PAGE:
“Well, just how much could I potentially earn from that sort of thing? Would it be enough to pay the taxes?” Peter’s mind started swirling. He hated doing calculations in his head.

Mr. Sagetun jotted another figure on the piece of paper.

“You should be able to net this amount,” he said.

Peter’s eyebrows came together in confusion.

“That’s not nearly enough to cover the expenses if that’s all I can make in a year,” the young man whined.

“That would be per month,” Sagetun corrected him.

Peter gasped.

“I could make that much in a month just by showing off my property?”

“That is one potential figure for earnings, before costs of regular maintenance.” Ruffle objected in a raised voice. “If you should wish to sully your family’s name and your personal dignity by turning your estate into a carnival attraction.”

Peter was certainly willing to go that route.

“Of course,” Sagetun interjected, “you will have to write up a brochure or something to highlight the particulars of the manor.”

Peter leaned back in his chair. A sense of relief had begun to soothe him.

“Oh, I don’t see any problems doing that,” Peter said as a youthful smile played on his face. “I’ve seen plenty of brochures to know what works. I suppose all I need is a little more background on the place.”

Mr. Sagetun turned slightly to acknowledge Mr. Ruffle, who sat impassively.

“You should know….” Sagetun began before reconsidering how he was going to broach the subject. “I suppose it is within your right to be told that the manor is allegedly haunted.”

“What’s that?” Peter asked as his smile flattened out.

“Don’t believe it, myself,” Ruffle asserted with a face that was nearly set in stone. “Been there a number of times. Never had an experience that bothered me in the slightest.”

“Be that as it may,” Sagetun went on. “There have been official reports made of hauntings. So it is a part of the public records. But that is something you could put in your brochures to gin up some interest among tourists.”

“Sorry,” Peter sat forward again, with his hands spread out. “What kind of hauntings are we talking about? Apparitions, poltergeists, cold spots?”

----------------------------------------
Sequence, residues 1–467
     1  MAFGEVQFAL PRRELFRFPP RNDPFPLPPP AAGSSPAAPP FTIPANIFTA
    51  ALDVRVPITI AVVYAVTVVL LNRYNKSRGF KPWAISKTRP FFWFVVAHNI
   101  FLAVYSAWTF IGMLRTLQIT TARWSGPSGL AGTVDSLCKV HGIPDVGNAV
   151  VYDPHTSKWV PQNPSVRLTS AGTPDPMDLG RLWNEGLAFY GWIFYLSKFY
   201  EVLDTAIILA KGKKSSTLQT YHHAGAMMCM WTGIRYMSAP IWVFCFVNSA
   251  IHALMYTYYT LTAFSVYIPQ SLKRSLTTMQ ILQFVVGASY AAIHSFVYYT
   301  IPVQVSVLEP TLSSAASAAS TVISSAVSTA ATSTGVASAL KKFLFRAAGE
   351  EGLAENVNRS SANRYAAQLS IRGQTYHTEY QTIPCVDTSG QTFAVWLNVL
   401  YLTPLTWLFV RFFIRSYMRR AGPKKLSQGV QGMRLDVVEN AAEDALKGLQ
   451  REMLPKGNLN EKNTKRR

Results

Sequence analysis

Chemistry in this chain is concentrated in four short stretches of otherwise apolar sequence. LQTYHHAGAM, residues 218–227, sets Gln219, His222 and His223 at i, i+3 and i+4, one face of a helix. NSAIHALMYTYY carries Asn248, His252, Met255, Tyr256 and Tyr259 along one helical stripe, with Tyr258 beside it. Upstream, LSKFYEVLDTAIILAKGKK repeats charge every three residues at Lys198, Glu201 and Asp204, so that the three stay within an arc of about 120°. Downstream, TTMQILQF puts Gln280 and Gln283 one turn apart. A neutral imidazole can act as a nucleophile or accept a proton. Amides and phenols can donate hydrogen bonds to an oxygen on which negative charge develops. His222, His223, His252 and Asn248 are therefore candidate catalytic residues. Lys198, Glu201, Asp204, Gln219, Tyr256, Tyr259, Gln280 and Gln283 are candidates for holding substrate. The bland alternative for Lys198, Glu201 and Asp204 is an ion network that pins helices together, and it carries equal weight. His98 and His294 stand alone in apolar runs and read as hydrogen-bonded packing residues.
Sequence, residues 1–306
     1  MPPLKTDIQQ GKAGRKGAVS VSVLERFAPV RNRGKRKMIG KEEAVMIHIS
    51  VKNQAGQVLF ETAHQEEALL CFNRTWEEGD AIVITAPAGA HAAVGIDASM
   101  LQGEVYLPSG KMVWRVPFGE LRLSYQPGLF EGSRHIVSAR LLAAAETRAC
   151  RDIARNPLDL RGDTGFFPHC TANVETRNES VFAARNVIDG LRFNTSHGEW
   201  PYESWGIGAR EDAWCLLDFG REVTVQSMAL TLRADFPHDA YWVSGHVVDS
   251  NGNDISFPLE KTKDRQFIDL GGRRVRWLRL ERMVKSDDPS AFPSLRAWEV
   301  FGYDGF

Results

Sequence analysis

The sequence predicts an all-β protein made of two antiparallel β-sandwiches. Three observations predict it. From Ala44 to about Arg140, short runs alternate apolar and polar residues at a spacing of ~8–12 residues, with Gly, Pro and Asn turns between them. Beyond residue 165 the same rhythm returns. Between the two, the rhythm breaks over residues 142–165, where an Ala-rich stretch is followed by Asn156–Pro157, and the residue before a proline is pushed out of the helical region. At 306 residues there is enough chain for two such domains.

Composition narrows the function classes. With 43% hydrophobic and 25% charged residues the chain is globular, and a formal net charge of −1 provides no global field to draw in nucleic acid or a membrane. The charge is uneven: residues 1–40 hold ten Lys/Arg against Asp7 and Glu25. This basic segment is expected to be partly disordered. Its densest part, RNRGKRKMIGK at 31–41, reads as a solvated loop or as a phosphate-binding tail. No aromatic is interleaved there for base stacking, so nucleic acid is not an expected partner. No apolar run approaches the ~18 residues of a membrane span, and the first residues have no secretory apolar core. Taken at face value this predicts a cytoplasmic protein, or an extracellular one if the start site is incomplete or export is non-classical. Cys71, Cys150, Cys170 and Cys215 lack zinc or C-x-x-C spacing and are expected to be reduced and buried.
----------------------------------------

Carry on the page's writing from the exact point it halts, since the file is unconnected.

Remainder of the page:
“Oh,” Sagetun answered with a wave of his hand and a tittering laugh, “nothing that you should be alarmed by. Some have claimed to witness the apparition of a small girl dart from room to room. Others have heard odd creaking and doors being shut. And, um… some sort of story about a mirror somewhere in the manor where the reflections may include… well, I’m not sure what the story is with the mirror.”

Again, Peter’s head was swirling with this new information. He had always been fascinated with ghost stories. He could invite those ghost hunter television people out to increase the notoriety of the property. Schedule seances and the like, for a fee. Throw fabulous parties on the solstices and Halloween. And how hard could it be, really, to run a bed and breakfast? This could actually work, he thought.

“Now,” Mr. Ruffle said as he regained the lead position in the conversation, “before we get ahead of ourselves, let’s go over the full details of the estate.”

Several hours later, Peter stepped out of the building, his head aching and his stomach knotted from a combination of hunger and trepidation.

A manor. An official estate. A courtesy title. It was all a bit too much. It was like one of those godawful stories you find at a discount book store. But what a story this could turn out to be!

He was slightly perturbed that he had not thought to schedule an Uber driver or some such thing, but he wanted to get away as quickly as possible. While searching for an available taxi cab, Peter noticed an older sort of gentleman pacing about, also looking around for a ride. The man was tall and broad of shoulder, but well past his prime years. He was dressed in a suit that would have been worn out in the 90s. He clearly had not gotten a haircut for some time, and his shoes were in obvious need of repair. Yet there was something common and plain about the man’s face. A clear contradiction from the world of fine snobbery Peter had just left behind.

When Peter was able to hail a cab, he gestured over to the old man to share a ride. The man’s face lit up with unfiltered joy. Peter shoved over and the man filled in the seat right behind him. After giving the driver an address, Peter nodded to his fellow passenger.

“Well, I never expected such thoughtfulness in this part of town,” the man declared loudly. “So many bankers and insurers and lawyers up and down this row. I’m quite pleased to find that someone in this world still understands simple kindness.”

“Yes, well,” Peter replied, “I’ve just been handed an opportunity to join those clowns and their circus. I’d rather remain a simple commoner, thank you very much.”

“Good for you, good for you!” the old man commended him. Peter had come to smell a bit of mustiness from him as the man prattled on. “You know, I had come down here to straighten out a matter of inheritance. But in my haste, I had forgotten my papers. I wanted to be able to press my case legally at first, in case that might work. No need to start off nasty, hey?”

The old man turned to Peter. The younger man noticed that his fellow passenger’s smile was somewhat thin, while his left eye did not quite track with his right.

“I suppose we should properly introduce ourselves, shouldn’t we?” The older man offered a big, strong hand with the full expectation of a fraternal grasp in return. “My name’s Gantry Heath. What’s your name, sir?”

July 21, 2022 17:14